I am in the incredibly privileged position of seeing a lot of Maths teaching in many different schools with widely differing contexts. But the one thing that connects them all is the difficulty that teachers are still having with the shift in focus. The overwhelming changes to the level of challenge and content in the new 9-1 GCSE take up a significant amount of extra teaching time and so, despite best efforts, problem solving and contextual Maths are still difficult to dedicate enough time to, in order to bring about real improvements in students’ resilience.

“We seem to find it incredibly difficult to write Maths problems which students can relate to.”


Back in the day, creating a snazzy Maths worksheet would only take about twenty minutes because whilst it was, of course, important to include questions which challenged students’ misconceptions, Maths questions were not expected to be heavily worded or particularly functional or contextual in nature. The problem now is that for a teacher to create these resources from scratch, is not only time consuming but actually quite a challenge. It really is hard to write questions that don’t involve bread rolls and hot dogs, gardens with ponds, or various flavour yoghurts, let alone ones that teenagers can relate to.


For this reason alone, it is simply not possible for Maths teachers to work in isolation any more. The advent of so many internet resources is wonderful, but rifling through them to find an appropriate question or resource can eat away at PPA time or (who am I kidding?) precious evenings. So what is the solution? Collaboration.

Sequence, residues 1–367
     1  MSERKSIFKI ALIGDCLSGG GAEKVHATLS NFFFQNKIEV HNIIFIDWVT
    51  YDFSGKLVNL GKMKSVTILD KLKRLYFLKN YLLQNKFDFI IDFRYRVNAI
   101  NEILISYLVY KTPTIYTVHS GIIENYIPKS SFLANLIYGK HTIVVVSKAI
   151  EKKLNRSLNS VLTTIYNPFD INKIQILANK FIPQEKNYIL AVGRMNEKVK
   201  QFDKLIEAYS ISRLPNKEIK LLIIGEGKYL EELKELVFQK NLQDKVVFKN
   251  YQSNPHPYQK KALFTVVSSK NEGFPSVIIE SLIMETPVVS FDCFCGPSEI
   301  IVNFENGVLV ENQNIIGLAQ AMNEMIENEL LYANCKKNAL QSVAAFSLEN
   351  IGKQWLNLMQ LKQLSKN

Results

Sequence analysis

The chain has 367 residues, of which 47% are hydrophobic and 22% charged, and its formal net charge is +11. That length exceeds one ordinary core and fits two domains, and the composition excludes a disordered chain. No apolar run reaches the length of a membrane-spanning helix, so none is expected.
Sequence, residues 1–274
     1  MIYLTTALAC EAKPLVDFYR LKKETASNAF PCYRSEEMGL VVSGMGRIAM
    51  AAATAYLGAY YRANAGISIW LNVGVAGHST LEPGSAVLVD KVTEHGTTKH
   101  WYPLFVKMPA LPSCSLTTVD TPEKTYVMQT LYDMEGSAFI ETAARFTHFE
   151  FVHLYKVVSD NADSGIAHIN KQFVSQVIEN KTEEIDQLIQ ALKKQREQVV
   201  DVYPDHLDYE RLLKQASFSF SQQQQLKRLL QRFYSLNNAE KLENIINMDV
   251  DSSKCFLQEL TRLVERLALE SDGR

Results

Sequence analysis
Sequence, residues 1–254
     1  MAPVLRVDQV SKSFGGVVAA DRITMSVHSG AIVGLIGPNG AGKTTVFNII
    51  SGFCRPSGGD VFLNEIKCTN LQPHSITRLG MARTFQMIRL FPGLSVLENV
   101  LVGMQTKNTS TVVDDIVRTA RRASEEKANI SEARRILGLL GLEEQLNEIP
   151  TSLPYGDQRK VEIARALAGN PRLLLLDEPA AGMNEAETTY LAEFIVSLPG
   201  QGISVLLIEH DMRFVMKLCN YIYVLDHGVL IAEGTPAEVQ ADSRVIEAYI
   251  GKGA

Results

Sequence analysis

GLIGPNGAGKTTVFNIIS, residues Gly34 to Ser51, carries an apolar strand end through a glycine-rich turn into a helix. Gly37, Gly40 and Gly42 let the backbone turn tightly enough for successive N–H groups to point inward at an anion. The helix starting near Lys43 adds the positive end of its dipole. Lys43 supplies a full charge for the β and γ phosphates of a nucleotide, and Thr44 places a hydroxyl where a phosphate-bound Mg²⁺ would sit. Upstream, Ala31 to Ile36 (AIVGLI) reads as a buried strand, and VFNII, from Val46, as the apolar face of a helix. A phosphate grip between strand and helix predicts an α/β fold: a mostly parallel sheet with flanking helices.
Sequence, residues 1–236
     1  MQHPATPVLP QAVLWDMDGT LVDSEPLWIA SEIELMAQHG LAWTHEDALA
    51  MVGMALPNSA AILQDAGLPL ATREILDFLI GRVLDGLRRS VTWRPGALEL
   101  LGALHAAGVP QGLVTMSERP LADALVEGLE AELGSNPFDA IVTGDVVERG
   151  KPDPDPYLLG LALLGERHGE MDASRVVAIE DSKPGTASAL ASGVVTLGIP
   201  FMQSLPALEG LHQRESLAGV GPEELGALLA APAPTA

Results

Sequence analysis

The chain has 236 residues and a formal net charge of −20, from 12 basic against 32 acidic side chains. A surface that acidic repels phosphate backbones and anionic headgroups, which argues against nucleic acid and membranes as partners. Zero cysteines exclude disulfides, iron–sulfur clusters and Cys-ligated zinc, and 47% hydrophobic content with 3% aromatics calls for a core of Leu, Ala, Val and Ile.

The extent to which you can collaborate depends largely on the type and size of school or academy that you find yourself in. Maths departments are generally much bigger than, say, a modern foreign languages department, and as such even collaboration in its most basic sense (within your own team) could save time and energy. Using departmental meeting and training time to source or write differentiated problem solving questions into the scheme of work is essential. Even as an experienced teacher it can be a challenge to dream up questions “Even collaboration in its most basic sense can save time and energy.”so imagine yourself in the shoes of a bright-eyed NQT or ITT student (who, I should add, may be too young to have sat the Year 9 SATS or to have completed Maths coursework). Feel old? I do.


The real time saver could come from greater Maths communities; we need to replace the largely lost local authority support with MAT communities or simply local school federations. Not all schools will be studying towards the same exam board, but the principles remain the same. Imagine all the GCSE topics split between six local schools and then split again between all of their teachers. Imagine time to design great quality questions and resources and have the pleasure of seeing them used across other schools.


But these things will only happen if we make them happen. Speak to your senior teams and local heads of Maths, and set up a termly get together on a venue carousel. Maybe even call it a Mathsmeet? Local pool halls may even be available for a Maths night out. Oh, the possibilities.


Anyway, that’s enough from me, I’ve got a bathroom to tile. I wonder how many cross-shaped, L-shaped and T-shaped spacers I’ll need… surely there must be a formula for that?


Are you a Maths teacher? Give your collaborations ideas below.